Ravingnerd Reviews: Reverse Flash #1

Sorry for the long break everyone, and I hope you enjoyed the Writing Writers’ thoughts on a good weeks worth of comics, there will be some overlap as I definitely want to talk about some of the issues reviewed by the Writing Writer, so I shall. But first I’ll bring some fresh and new content with the Reverse Flash.

As last week’s Grodd #1 proved, the Flash universe still isn’t a place I want to be in. Many of the characters remain a far cry from what the characters I grew to love over a long period of time. But before I get to far ahead of myself, let me talk about what I enjoyed.

1. Credit where credit is due, Scott Hepburn delivered on the art. A beautiful book that matches stylistically with the ongoing Flash series, while still allowing us to see the type of creator that Scott Hepburn is.
2. The cover is one of the better 3-D covers I’ve seen so far.
3. The main character is Daniel West, so theoretically he could have a cousin or illegitimate son named Wally West. Come on! They almost have to right?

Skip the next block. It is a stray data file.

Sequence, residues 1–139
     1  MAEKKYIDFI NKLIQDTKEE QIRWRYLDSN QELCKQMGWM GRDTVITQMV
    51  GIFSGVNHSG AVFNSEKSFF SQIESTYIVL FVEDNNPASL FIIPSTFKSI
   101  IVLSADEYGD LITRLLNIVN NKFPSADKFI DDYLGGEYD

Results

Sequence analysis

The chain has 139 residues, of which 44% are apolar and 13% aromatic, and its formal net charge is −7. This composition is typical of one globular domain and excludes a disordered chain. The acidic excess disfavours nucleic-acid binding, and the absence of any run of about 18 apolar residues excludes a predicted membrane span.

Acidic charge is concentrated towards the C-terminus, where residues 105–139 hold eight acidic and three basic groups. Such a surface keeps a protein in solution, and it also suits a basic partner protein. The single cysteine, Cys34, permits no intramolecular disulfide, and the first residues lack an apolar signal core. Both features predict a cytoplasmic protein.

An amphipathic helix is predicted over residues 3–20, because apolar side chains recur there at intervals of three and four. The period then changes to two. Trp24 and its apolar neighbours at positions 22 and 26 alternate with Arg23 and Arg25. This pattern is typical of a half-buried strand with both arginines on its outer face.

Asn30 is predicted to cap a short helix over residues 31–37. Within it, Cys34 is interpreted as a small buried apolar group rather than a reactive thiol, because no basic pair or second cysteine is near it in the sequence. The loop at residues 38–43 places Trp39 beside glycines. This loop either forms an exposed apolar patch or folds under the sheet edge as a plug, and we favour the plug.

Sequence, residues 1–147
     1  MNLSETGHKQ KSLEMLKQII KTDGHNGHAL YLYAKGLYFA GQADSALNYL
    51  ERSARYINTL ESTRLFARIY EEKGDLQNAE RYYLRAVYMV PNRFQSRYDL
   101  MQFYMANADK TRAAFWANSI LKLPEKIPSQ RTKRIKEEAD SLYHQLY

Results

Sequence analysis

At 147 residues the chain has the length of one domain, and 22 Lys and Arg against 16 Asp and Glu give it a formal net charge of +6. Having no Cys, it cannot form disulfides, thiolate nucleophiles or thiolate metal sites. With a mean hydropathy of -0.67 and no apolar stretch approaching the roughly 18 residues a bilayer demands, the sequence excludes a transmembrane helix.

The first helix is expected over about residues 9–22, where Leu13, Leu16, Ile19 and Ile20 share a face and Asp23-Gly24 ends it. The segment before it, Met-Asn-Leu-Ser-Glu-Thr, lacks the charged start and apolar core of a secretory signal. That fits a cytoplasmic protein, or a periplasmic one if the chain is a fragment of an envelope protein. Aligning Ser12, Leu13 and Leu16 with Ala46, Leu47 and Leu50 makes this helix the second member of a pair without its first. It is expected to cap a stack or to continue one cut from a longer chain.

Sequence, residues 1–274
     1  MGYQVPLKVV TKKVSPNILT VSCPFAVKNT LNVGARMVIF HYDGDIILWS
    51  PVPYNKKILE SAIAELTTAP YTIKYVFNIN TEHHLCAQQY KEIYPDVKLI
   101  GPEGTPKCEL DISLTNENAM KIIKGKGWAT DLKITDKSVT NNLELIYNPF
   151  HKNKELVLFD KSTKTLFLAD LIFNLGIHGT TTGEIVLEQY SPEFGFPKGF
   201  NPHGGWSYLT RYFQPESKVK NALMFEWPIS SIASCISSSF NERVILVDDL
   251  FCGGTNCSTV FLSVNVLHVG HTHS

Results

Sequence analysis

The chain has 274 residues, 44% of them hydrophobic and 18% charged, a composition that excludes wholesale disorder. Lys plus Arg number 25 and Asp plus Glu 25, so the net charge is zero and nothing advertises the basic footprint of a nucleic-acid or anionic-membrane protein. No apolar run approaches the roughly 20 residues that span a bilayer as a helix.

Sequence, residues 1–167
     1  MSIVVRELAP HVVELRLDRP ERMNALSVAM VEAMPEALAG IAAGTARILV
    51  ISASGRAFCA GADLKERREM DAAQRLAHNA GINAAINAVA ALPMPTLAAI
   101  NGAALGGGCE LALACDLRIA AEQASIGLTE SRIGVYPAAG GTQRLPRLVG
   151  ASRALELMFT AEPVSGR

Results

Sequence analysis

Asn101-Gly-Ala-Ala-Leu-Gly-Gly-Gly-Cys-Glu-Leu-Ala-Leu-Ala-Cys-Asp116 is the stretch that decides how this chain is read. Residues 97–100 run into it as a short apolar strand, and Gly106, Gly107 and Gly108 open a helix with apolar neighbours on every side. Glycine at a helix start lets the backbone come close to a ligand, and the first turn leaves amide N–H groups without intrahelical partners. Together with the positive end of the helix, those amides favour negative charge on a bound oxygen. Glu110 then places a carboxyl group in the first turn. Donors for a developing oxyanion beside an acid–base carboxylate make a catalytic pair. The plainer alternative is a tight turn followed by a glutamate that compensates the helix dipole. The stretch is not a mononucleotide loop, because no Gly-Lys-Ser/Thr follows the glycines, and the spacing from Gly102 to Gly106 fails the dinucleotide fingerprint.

Rating before reading: 6
Rating after reading: 6

This book is alright. The art is truly wonderful, and it is a pleasure to experience. The story too is well scripted and plotted, but as I fear the problem with many of these villain month comics may be is the stereotypical villainous rant. This book is little more than Reverse Flash declaring his hatred for his father and how that makes him a super villain. In a universe with characters like Riddler, Lex Luthor, and Sinestro, “hating my father” seems like an incredibly flimsy excuse to put your powers to poor use. In addition to that, there is little to reason for the character to call himself or look like Reverse-Flash. Before it was a gimmick used by Professor Zoom and others to cause fear and confusion. Here the costume manifests itself out of no where and fashions itself in the opposite fashion of the Flash for no real reason. I understand characters need updates, but with a name like “Reverse-Flash” you expect there to be a reason behind the gimmick and name, rather than just a reason to wear a similar costume.

All in all this issue only shines because of Scott Hepburn’s art and his ability to flawlessly mimic the style of Manapul.

Until the next time, Rn

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